Ice. The floor was cold like ice. Smelled like it too, like ice from an ice tray which has retained the plastic smell of its former cubicle (yet the floor was marble). There was the faint smell of dirt, or dust, though there was none - absolutely not a speck - to be seen, or even felt, as Kathleen (Cory) pushed her finger around in circle, then reverse circle. Semi-circle.
She looked straight across towards the wall and saw shoes. They were orthopedic, and beigey gray, and belonged to the panty-hose clad legs of the museum docent. Curious, she thought, how she makes the same "wah wah wah" sound that Charlie Brown's teacher does (it was late autumn and she had recently viewed "Charlie Brown and the Great Pumpkin.")
Cory pushed her finger towards the pool of nude collected around the docent's ankles, blinking one eye shut, then the other, so that the feet flashed in movement. This was such a big museum.
She looked up, following nylon up into the thick of dull, woolen skirts.
If you had told her that in fifteen years, she herself would be standing as tall as the docent - no, taller - in the same museum, only, wearing bike shorts and purple tights, she would have said, stop. And shut your mouth.
Or maybe not. She had always liked colors.
Vagina. She had just learned that word.
She had one. Did the old-lady docent have one too?
She couldn't see. If she - the docent - had one, it was hidden in skirts, and wool, and nylon.
The docent was talking about something though, about the man she was standing next to, the man they were all gathered around.
Solid, black leather shoes, with meticulous laces. Stolid, also.
They weren't real leather.
Black - or was it navy - trousers - ha, trousers. Cory had just learned that old-fashioned word, and - correctly - assumed its usage was justified here.
When they arrived at the museum that morning, marching ants off a school bus, they gathered in a herd of black coats around the reflecting pool that graced the museum entrance. Long, rectangular, it reminded Cory of a, yes, that was it, an infinity pool, like one she had seen on vacation with her family. She hadn't been allowed in. She touched the steely surface of the pool and watched the water ripple out.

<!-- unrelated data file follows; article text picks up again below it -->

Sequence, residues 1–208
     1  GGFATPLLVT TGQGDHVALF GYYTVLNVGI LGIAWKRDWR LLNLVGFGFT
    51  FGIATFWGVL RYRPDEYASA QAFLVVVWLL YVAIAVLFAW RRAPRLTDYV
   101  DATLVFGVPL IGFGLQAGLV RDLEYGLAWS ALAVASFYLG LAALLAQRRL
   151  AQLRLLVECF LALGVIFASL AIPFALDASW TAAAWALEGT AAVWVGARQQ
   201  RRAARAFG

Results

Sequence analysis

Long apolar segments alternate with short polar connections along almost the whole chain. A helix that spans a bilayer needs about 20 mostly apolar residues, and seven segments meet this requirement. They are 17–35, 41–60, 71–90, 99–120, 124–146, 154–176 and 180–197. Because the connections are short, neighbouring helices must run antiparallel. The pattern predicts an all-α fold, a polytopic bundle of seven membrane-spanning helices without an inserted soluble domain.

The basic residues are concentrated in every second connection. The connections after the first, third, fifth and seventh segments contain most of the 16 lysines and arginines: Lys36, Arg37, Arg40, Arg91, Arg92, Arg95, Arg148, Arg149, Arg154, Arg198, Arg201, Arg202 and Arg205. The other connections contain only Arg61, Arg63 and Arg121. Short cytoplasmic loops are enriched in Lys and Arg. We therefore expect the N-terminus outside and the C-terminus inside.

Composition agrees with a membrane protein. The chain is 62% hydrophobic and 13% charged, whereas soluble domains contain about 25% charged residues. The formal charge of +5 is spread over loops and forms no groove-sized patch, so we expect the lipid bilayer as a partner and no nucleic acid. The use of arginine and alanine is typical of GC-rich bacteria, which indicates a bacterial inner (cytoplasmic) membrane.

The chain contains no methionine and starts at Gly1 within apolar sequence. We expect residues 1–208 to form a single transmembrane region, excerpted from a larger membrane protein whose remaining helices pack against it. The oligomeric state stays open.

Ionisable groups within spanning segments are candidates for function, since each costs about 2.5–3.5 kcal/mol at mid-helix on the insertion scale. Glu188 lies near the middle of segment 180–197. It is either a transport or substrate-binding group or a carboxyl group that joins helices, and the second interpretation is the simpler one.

"You're not supposed to be doing that."
Cory looked up slowly to see a boy - her age, but smaller - standing in front of her, with an admonishing look, as he unwrapped a blue gumball from its cellophane.
"I can touch the water if I want," was her reply.
"No, no, it's a museum, we can't touch anything here."
"Would you touch the drinking fountain?" she asked.
The boy smirked. "Public facilities don't count."
Cory looked around. "Which school are you from?"
"Brookwood Elementary," the boy said. He crinkled the cellophane wrapper into his coat pocket, and thumbed the gumball in his hand. "Warming it up," he said.
"I bet you're not supposed to chew gum inside," she said.
Hands folded, mottled, like the docent's, the guard's palms were grasping each other in alert relaxation - as a ballerina in first position. They were centered directly below two silver buttons, directly below a vertical tie, knotted square. Cory hadn't watched the docent's face, but she watched the guard's now, his old man's mouth down-turned, not frown-like, but as though he suffered from an under-bite. Horn-rimmed glasses shielded his eyes, and a dapper cap was pulled down over his forehead. His badge was shiny over his heart.
He wasn't real.
As the docent gestured, he stood still. Hands, still resting, frown, still turned down.
He wasn't real.
"Yeah, well, who's going to stop me?"
"The teachers," she said.
"Nah, my teachers won't see. They're too busy counting us to make sure we're not lost."
"Then the museum guards."
"What, the old men? If they're not blind then I'm Michael Jordan," the boy said.
Annoyed, Cory turned to put a finger to the water again. The boy grabbed for her shirt sleeve, smacking his lips as his teeth cracked down on the gumball's surface.
"What school are you with?" he asked.
"Westwood View," she said.
"Well, if we break for lunch at the same time, wanna sit with me? I got fruit roll-ups I'll share."
Cory looked up at the boy, removing her hand from the water only to brush a lock of dark hair from her eyes. He was still smirking, jaw crunching, saliva working.
He wasn't real.
Still, Cory wanted to touch him just to make sure.
She reached a pale small hand out, expecting it to sink into the polyester of pants.
He isn't real.
A hard knock interrupted her motion, and echoed within her skull. She put the hand to her head, and felt a small knot forming, as a technicolor gumball bounced next to her on the floor. She looked up, pained. It was the little boy, standing over her, cruel grimace of glee marking his face.
All rights reserved.
The museum in this piece is the Nelson-Atkins in Kansas City, and the guard refers to a work by artist Duane Hanson, which has long called the Nelson its home.